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'Italians are not lazy'

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Barbara Serra is the author of Gli italiani non sono pigri. Images: Barbara Serra/Garzanti
11:00 CET+01:00
Are Italians lazier than their northern neighbours? The Local speaks to Barbara Serra, an Italian who grew up in Scandinavia, about her book exploring misconceptions and modernization in the Italian job market.

At just eight years old, Barbara Serra moved from Italy to Denmark, completing the rest of her education at an international school.

Having traversed the north-south European divide, she later moved to London, where she now works as a presenter and correspondent for news network Al Jazeera.

Serra’s experience prompted her to publish a book: Gli italiani non sono pigri (Italians are not lazy), to both challenge negative assumptions about the Italian work ethic and give fellow Italians a better understanding of the north’s way of working.

“Since the start of the euro crisis one of the most insidious stereotypes - laziness - has been resurfacing. Lots of people are looking from northern Europe at the countries that are worst hit by the crisis, and see that it's the ‘usual suspects’ of this stereotype,” Serra tells The Local.

But she argues that rather than there being 'lazy' Europeans and 'hardworking' ones, there are simply two different work dynamics. With the Italian government pushing for a more Anglo-Saxon approach to boost the economy, such as measures to create greater mobility through temporary work contracts, Serra says Italians will have to catch up with their northern neighbours.

“You have to change both the economic fundamentals whereby there is more labour movement, but at the same time change people’s mentality where they stop thinking that they have a job for life,” she says.

With an unemployment rate of 12.5 percent and an ongoing recession, Italians have realized they need to modernize their approach to the working world.

“You have to shake up Italy itself. It’s a multicultural society now and business is done on an international level.

“[But] there is an element of competition that isn’t talked about in Italian society. It’s pointless talking about changing rules and regulation; they are needed but it’s part of a bigger package,” she says.

Serra has encountered a number of demoralized young Italians who have enjoyed the national tradition of long summers at the beach, while the work culture in northern Europe pushes teenagers to spend their holidays doing part-time work or internships. As a result, Italians find themselves disadvantaged when it comes to competing in the modern workplace.

“You have to create a more competitive system, to teach kids how to create a CV from when they’re young. Nobody knows at 16 what they’re going to do, but they have to start getting out there and getting experience,” she says.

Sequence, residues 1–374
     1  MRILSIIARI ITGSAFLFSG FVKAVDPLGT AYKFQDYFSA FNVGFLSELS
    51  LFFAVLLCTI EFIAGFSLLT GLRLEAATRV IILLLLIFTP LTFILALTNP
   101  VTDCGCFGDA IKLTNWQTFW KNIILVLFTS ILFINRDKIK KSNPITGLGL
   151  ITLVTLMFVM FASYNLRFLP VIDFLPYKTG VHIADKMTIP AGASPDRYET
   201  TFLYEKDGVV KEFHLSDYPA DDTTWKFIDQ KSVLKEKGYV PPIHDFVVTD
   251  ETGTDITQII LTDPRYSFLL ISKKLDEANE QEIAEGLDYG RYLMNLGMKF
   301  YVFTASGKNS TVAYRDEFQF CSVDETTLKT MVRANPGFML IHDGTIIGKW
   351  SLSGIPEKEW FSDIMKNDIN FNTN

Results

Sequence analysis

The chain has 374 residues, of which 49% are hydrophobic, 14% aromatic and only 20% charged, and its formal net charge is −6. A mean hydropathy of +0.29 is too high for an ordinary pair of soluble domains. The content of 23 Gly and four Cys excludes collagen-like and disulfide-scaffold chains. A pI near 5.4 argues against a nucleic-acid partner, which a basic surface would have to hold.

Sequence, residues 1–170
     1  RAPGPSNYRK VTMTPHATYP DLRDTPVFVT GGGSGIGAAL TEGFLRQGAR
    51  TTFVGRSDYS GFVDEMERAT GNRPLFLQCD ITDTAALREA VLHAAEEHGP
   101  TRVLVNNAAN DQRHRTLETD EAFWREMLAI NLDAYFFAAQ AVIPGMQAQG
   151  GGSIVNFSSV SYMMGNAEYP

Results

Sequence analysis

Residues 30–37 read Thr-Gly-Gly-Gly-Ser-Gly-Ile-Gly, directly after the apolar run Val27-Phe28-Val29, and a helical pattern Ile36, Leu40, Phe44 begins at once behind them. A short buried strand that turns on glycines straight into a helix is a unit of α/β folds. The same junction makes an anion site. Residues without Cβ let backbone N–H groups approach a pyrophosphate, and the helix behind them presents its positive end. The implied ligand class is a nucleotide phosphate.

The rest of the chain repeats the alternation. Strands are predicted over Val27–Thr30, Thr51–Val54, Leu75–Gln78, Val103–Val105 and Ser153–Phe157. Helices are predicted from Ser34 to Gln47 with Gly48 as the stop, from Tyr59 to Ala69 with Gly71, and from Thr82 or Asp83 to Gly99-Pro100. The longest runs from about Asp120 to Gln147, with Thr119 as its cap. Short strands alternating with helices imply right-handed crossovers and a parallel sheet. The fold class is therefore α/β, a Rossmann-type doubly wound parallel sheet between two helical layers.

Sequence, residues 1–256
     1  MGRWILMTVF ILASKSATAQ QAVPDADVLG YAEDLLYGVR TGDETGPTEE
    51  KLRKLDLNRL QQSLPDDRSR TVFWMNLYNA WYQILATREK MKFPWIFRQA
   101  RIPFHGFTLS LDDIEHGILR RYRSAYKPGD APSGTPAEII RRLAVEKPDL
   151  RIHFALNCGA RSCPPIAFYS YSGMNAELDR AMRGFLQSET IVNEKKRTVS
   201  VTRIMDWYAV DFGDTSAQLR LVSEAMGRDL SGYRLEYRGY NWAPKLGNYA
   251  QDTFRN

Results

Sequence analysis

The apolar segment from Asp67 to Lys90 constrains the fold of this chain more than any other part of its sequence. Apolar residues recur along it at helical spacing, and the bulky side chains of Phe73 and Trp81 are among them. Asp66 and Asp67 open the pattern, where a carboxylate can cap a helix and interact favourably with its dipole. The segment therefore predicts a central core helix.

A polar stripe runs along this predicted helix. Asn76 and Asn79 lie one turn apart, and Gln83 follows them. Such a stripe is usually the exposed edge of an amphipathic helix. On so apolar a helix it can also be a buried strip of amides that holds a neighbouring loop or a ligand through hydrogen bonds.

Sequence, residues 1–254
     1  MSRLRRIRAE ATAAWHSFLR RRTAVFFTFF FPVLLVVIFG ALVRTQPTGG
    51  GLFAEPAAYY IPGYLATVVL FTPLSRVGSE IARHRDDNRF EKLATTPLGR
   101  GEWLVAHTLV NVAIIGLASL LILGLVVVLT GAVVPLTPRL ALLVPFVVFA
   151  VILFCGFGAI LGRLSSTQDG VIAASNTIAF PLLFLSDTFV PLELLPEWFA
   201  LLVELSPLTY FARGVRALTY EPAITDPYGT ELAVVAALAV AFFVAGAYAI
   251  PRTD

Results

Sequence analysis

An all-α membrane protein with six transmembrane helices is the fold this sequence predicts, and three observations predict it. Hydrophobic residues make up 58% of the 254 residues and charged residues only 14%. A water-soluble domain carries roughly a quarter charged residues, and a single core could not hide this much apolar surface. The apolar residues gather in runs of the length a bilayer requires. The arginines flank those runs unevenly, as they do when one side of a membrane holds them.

Prime Minister Enrico Letta has been pushing for such changes, in June unveiling a €1.5 billion package to get young Italians into work. The measures include internship schemes, training opportunities and incentives for businesses to hire people under 30. 

But with youth unemployment hitting 40.4 percent, many under-25s are packing their bags and heading to northern Europe where the unemployment rates are lower - but competition may well be tougher.

“Meritocracy is fierce. It means coming to London, for example, applying for a job along with 2,000 others and knowing how to compete and be ambitious,” Serra says. Her Scandinavian schooling may have prepared her for such a system, but Italians often get a shock when they arrive and start looking for work.

Earlier this year the UK government announced that 32,800 Italians had been granted a National Insurance number, enabling them to work, a jump of 35 percent on the previous year. As a result Italians are now increasingly competing with each other on the international stage.

But while some may be lagging behind, Serra is seeing many reaching the top of their trade. For her book, she spoke to a host of Italian business leaders, including Vittorio Colao, chief executive of Vodafone, and Diego Piacentini, the senior vice president of Amazon, who have cracked the Anglo-Saxon way of working.

Now Serra sees London “chock full of capable Italians”.

“I’ve noticed a big change in the past 10 years; 30-year-olds now think in a different way and know things need to change.” While some are working for change from within Italy, many, like Serra, are mastering another way of working in order to succeed. 

“Italians needed a kick and they got that kick; I think they are on the up,” she says.

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